You better recognize…
This famous quote, widely known for its affiliation with urban culture is used to relay the importance of realizing what is happening in real time. The recipients of these words are urged to process the underlying meaning within the message. Myself, I mostly use the phrase when talking to young people that are living a high risk lifestyle. In most cases they have shared in confidence a scenario that played out where they narrowly missed being apprehended by law enforcement. In my response to their stories I strongly suggest to them, that they ‘better recognize’:
- The serious consequences of their actions,
- The likelihood they will be apprehended if they attempt the offense again
- The chance of being able to maintain their lifestyle based on their current behaviour is slim or next to none
‘You better recognize’, is meant to be a rude awakening; it’s a call to perform an assessment, the first step in my 5A series. Many people in this high risk group haven’t pinpointed their life’s goals and it is an ominous task to do so because it is extremely difficult to have someone to stop and critically analyse their lives when they are living in a whirlwind. In the event that an intervention strategy resonates and the individual is willing to earnestly stop, look and listen to themselves, it is imperative they recognize where they are in life and ultimately see their trajectory. Exploring Interests, Skill Sets and Personality Traits is a great place to start for people who might not recognize who they truly are and who they unconsciously can become. A part of my program Take Back Your World Navigate Your Life includes locating oneself in the matrix and calculating the time and distance it will take to reach one’s goal. I call the exercise ‘Geography or Finding Yourself on the Map’. Self-recognition is a major component of the exercise. Recognition of the change process that takes place in the individual’s life is awesome to witness. Change earmarks growth.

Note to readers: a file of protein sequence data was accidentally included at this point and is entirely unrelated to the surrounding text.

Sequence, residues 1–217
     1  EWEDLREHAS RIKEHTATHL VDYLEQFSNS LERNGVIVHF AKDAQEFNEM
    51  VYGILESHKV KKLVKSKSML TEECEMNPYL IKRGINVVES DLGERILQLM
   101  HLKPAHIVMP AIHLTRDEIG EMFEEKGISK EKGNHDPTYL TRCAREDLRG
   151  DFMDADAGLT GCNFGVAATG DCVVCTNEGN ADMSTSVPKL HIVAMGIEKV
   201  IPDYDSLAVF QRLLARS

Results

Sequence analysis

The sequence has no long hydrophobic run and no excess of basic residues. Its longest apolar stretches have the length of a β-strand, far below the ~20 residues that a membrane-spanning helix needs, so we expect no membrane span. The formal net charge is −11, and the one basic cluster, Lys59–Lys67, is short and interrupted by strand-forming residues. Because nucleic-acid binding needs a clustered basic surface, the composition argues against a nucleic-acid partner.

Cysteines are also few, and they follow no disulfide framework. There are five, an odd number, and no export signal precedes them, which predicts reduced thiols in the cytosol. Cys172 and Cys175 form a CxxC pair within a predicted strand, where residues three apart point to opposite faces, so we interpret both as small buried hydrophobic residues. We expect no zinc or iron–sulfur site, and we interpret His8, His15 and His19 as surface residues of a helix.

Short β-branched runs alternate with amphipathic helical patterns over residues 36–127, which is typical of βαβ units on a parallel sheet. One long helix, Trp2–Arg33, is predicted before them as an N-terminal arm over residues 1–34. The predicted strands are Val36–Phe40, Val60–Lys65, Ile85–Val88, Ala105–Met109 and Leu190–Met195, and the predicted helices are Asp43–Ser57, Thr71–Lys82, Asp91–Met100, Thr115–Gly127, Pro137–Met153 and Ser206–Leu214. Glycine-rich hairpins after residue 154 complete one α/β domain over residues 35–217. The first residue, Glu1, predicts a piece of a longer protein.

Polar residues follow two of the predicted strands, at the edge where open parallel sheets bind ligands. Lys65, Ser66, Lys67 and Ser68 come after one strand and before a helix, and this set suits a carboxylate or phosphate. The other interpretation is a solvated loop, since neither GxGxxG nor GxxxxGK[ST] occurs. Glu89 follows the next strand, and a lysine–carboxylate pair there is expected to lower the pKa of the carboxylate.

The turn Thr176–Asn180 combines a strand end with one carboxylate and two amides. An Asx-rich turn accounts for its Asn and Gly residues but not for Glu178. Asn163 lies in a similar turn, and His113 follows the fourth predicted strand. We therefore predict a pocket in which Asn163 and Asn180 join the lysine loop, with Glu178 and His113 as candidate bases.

Realizing not only how far it is to the destination but how far you have journeyed to get to where you are presently is equally important. Recognizing resiliency, strengths, resistance and persistence despite the plethora of obstacles a person has encountered and the fact that they are closer than they think to accomplish a goal, is nothing short of inspirational and empowering. People looking back at their lives in hindsight, see firsthand how well thought changes have impacted them. Recognizing how they’ve managed to change and what it took to do so is a recipe for future success.
Transitioning into the person you want to become doesn’t stop when you’ve met your goals. The fact that change is constant, demands we continue to develop and embellish our skills on an ongoing basis.
I suggest that people continually recognize change that they’ve made in their lives and use what they’ve learned to propel them further to accomplish their goals.
In conclusion, don’t be afraid to reward yourself when you’ve made good on scheduled change. Pat yourself on the back. You’ve earned it
Now that’s Real Talk